What comes to mind when you hear the word Olympics? Glory, sportsmanship, torches, medals, drugs, Nazis, Daley Thompson... Well, now we can add to that hedgehogs racing dragons, Princess Peach holding a gun and sore breasts.
That's because we've been playing Mario & Sonic at the Olympic Games. Much has already been written, not least by us, about how it's the first game to bring SEGA and Nintendo's mascots together, but who cares. More interesting is the fact that Mario & Sonic at the Olympic Games is the best collection of mini-games for Nintendo's console since Wii Sports.
It's also a bigger collection of mini-games. There are more than 20 in total, with categories including track, field, gymnastics and aquatics (look out for the lovely bit in the opening cut-scene where Peach floats along gracefully like the mute fish girl out of Stingray). Up to four players can compete and most of the games can be played with the Wii remote alone if you're out of Nunchuks.
One of M&S's strengths is the variation in the complexity of the games. If you're playing with six-year-olds or simpletons you can pick a running event which involves straightforward shaking of the remote and nunchuk. If you're up for more of a challenge you can try something like archery. This involves lining up cursors using both controllers (fiddlier than it sounds) and taking account of wind speed and direction before you fire your shot.
Other highlights include the trampolining event. You flick the remote upwards to jump, and before your character lands you must perform acrobatics by twisting the remote and pressing various buttons as instructed. It's frantic and fun.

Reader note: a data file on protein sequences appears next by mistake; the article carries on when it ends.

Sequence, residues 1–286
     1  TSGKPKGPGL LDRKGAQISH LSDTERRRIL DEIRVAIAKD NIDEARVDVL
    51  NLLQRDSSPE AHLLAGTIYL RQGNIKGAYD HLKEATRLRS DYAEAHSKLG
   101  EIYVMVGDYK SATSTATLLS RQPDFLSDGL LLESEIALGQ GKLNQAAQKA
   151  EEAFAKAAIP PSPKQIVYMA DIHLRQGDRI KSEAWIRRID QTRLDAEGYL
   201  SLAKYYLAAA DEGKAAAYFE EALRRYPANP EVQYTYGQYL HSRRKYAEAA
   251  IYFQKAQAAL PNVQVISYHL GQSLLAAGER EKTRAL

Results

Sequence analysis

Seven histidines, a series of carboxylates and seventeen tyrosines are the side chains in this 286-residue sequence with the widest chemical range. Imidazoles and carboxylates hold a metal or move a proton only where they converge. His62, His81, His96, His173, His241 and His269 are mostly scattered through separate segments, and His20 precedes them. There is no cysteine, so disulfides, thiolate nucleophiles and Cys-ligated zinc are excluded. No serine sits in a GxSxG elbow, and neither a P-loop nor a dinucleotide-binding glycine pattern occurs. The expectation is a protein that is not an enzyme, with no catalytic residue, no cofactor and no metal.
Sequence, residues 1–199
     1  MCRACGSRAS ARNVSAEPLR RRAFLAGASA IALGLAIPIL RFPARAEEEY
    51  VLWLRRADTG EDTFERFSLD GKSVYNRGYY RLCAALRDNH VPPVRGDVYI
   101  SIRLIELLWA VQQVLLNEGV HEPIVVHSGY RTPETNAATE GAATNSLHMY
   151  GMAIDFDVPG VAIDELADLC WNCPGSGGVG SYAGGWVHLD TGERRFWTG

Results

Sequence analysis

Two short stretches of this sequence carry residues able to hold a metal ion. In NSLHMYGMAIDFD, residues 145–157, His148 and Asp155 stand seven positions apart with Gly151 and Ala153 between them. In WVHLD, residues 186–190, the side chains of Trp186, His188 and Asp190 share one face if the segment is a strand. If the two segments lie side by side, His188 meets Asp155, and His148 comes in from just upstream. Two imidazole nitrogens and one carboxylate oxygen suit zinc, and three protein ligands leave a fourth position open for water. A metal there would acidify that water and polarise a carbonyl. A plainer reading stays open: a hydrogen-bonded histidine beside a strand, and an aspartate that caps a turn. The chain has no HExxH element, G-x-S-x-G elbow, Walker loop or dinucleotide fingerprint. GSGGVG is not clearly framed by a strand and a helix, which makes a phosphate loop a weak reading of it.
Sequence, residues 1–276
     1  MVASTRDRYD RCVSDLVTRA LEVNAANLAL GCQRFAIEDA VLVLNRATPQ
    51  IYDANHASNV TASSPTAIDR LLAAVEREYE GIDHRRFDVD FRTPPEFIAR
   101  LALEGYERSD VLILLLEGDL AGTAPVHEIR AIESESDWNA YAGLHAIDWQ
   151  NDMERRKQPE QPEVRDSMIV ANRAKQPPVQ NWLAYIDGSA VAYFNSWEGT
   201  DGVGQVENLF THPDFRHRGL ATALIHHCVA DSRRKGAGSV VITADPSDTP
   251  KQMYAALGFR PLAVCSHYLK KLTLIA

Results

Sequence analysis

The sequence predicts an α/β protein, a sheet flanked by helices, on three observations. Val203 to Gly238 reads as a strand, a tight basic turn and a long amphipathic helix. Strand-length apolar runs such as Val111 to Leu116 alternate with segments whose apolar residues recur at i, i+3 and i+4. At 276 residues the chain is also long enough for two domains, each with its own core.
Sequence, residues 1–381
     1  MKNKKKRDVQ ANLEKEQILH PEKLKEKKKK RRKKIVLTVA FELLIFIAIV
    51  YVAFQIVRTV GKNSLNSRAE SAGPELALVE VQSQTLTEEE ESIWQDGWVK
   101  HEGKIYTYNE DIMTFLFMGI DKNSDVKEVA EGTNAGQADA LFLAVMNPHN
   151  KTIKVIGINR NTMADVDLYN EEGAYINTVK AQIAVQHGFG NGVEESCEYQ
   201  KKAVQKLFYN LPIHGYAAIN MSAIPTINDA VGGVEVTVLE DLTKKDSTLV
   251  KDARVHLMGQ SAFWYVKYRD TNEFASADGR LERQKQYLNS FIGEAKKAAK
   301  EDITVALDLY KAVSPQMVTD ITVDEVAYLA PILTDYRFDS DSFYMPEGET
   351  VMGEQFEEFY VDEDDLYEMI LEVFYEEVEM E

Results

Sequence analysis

Fencing is also a favourite. There's something inherently hilarious about Luigi and Bowser poking each other with pointy sticks, but the game's real appeal lies in the complexity of the controls. You can parry and dash, perform special moves to leave your opponent open and shake the controllers to recover if they do the same to you. And poke them with a pointy stick.
Many mini-game collections consist of a handful of ideas with a load of different visuals slapped on them, but there's been a real attempt at variation here. The swimming game, for example, could have used the same controller shaking mechanism as the running event, but they've put in a stamina meter and an extra button press to change things up. In the relay, you'll also need to change how you move the controllers (from up and down to left and right, for example) as the characters in your team have different swimming strokes. Again, it's highly enjoyable.
For many players, the best bits of Mario & Sonic will be the Dream Events. These are regular mini-games with new twists, in essence, but what twists! Take the Dream Race, for example. The basic mechanic is the same as the 100m track event, but this time you're racing round a Mario Kart-style circuit complete with sand traps and prize boxes. Red shells, star power, lightning strikes - they're all here, and they're just as fun to deck other racers with as ever.
The only problem with Dream Race is you have to shake your arms about really hard for a really long time. It's absolutely exhausting, and if you're a lady or a fat man the high jiggle factor can result in discomfort. The just-one-more-go element is therefore missing here.
Still, the Dream Events are highly entertaining. Which begs the question, why aren't they accessible the moment you boot up the game? Why are they only available once you've played through a load of circuit challenges? These are groups of three or four events (you can't choose which ones, so if you're rubbish at the javelin or hate hurdles it's tough luck) where you compete against all the other characters. Finish in the top three and you'll unlock stuff, perhaps a Dream Event, or perhaps a regular event, such as the high jump, which was inexplicably inaccessible to begin with.